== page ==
Frightening Specter

After some early irrational exuberance on my part that Arlen Specter's chairmainship of the Senate Judiciary Committee might settle the frayed nerves of pro-abortion advocates, it appears that Senate Majority Leader Bill Frist has extracted written oaths of fealty from Specter.

Frist told Specter he must produce a written statement pledging his cooperation as chairman. What he wrote pledged only that judicial nominations would get out of his committee. That was not good enough, Frist told him Wednesday night. He would have to pledge support for Bush judges and declare himself open to a rules change blocking filibusters of judicial nominations. Specter must have been frightened. He wrote a new four-paragraph statement incorporating the majority leader's demands.

Even so, when Judiciary Committee Republicans assembled behind closed doors Thursday, two conservative Southerners still had their doubts about him: Senators Jeff Sessions of Alabama and John Cornyn of Texas believe voters across the country on Nov. 2 voted for an end to the tactics that have blocked action in the Senate. Although he never mentions it, Sessions has to remember that Specter helped block his nomination to the appellate court before he ran for the Senate.
Although I'm not so naive to think that this sort of strong-arming is uncommon or exclusive to the Republicans, it still dismays me to see it.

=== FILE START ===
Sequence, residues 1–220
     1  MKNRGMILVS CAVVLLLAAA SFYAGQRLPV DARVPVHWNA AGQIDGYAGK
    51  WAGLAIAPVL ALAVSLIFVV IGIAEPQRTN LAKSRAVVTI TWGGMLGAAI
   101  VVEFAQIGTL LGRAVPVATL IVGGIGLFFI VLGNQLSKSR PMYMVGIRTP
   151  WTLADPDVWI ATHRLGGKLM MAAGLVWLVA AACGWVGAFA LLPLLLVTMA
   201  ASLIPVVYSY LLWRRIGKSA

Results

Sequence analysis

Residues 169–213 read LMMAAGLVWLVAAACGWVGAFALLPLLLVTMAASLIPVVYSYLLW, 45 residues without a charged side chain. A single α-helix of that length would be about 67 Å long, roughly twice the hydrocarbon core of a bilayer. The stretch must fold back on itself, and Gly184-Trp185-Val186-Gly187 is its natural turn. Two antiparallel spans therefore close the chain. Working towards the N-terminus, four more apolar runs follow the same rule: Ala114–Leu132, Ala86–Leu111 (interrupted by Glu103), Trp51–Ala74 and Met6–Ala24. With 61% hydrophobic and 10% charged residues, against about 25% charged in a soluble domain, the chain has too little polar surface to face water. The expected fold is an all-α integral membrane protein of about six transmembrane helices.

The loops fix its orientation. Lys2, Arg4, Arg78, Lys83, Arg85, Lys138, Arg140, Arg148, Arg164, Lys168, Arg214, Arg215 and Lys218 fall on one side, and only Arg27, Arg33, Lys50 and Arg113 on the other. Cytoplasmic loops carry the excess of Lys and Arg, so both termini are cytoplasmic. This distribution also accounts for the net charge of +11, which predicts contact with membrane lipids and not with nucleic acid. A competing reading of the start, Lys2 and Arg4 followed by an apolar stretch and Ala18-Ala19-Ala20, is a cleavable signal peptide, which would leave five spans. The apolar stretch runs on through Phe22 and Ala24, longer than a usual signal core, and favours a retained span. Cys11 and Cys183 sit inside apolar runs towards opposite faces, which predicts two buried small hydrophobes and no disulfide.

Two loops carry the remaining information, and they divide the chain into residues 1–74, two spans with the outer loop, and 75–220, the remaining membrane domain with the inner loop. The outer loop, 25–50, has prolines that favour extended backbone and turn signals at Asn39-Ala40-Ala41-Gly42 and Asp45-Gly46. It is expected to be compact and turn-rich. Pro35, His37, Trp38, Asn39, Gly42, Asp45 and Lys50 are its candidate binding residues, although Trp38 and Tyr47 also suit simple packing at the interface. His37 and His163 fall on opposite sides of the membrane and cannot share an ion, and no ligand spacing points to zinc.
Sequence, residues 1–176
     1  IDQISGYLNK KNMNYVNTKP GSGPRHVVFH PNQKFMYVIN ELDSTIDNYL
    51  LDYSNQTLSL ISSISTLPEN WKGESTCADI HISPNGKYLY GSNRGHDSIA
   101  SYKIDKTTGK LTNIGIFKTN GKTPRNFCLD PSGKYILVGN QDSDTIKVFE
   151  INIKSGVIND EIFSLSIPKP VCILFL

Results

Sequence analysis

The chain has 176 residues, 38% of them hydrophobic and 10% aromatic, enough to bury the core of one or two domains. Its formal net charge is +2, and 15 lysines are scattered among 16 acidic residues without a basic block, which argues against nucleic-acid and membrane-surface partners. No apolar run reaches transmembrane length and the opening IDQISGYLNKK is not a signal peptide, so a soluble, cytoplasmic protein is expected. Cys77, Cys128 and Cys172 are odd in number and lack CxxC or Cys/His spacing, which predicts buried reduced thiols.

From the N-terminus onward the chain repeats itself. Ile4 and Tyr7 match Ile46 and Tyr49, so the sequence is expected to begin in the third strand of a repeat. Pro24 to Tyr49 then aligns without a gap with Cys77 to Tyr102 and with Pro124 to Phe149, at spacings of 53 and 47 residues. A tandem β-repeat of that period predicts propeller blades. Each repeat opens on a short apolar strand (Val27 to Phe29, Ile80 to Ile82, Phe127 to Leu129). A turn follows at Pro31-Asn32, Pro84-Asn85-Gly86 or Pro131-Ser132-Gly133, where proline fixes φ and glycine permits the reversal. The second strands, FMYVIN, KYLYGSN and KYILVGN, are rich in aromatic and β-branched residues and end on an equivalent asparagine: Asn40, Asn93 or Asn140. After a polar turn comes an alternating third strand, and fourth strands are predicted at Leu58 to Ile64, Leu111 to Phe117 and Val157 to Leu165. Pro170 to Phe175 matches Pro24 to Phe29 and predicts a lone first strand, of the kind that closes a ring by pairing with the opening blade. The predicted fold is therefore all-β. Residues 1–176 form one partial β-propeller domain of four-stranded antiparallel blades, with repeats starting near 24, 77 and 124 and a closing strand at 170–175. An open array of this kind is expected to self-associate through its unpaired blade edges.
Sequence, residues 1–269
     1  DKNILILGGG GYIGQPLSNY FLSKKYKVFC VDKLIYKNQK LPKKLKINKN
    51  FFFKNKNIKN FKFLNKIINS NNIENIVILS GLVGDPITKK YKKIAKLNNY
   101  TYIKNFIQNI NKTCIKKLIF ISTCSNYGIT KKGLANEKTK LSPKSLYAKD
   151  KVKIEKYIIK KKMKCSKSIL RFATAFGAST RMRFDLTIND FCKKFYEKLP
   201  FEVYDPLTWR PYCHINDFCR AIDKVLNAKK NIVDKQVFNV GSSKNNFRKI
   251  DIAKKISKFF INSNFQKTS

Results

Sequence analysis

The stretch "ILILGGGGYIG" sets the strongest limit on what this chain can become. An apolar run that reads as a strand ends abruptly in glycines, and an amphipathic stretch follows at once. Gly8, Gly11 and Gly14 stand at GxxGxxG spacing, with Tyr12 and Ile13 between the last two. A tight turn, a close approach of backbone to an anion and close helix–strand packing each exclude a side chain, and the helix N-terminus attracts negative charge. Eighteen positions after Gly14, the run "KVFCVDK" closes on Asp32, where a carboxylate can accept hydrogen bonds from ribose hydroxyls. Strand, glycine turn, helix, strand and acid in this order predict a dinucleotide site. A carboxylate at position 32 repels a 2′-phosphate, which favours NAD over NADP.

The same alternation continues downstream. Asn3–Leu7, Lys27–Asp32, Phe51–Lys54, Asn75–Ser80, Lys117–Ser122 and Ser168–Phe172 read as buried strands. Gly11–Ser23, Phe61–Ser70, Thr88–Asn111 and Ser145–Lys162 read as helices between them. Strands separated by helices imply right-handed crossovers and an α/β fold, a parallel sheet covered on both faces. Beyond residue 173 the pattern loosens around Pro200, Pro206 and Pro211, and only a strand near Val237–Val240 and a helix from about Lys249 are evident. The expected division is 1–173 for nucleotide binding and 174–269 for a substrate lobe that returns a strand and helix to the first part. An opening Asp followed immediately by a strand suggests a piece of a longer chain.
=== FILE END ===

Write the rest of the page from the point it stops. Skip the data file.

After the 1994 elections, Congressional Republicans misread the national mood and took their success as an indicator that they had the overwhelming support of the people. Many of the House Republicans came from safe districts with overwhelming majorities and all they heard whenever they went home was "get the bastard!" This misconception led to the ordeal of the Clinton impeachment - an enormous waste of political capital considering that there was never a chance of securing a conviction.

Now, I fear that Congressional Republicans are on the verge of repeating their historical mistake. Coming off a hard-fought election, some people are unadvisedly throwing around the word mandate and conducting business as though the American people are lining up behind the GOP.

Yes, the GOP has the Oval Office, the House, the Senate, and a majority in the governorships. They have the advantage, but they must not make the mistake of trying to snuff out their opponents completely. Nor must they foster the perception that they are not willing to tolerate differences of opinion within their own ranks.

Democrats are already have a great deal of success portraying us as Nazi thugs goose-stepping up and down Pennsylvania Avenue. We shouldn't give them ammunition with which to do so.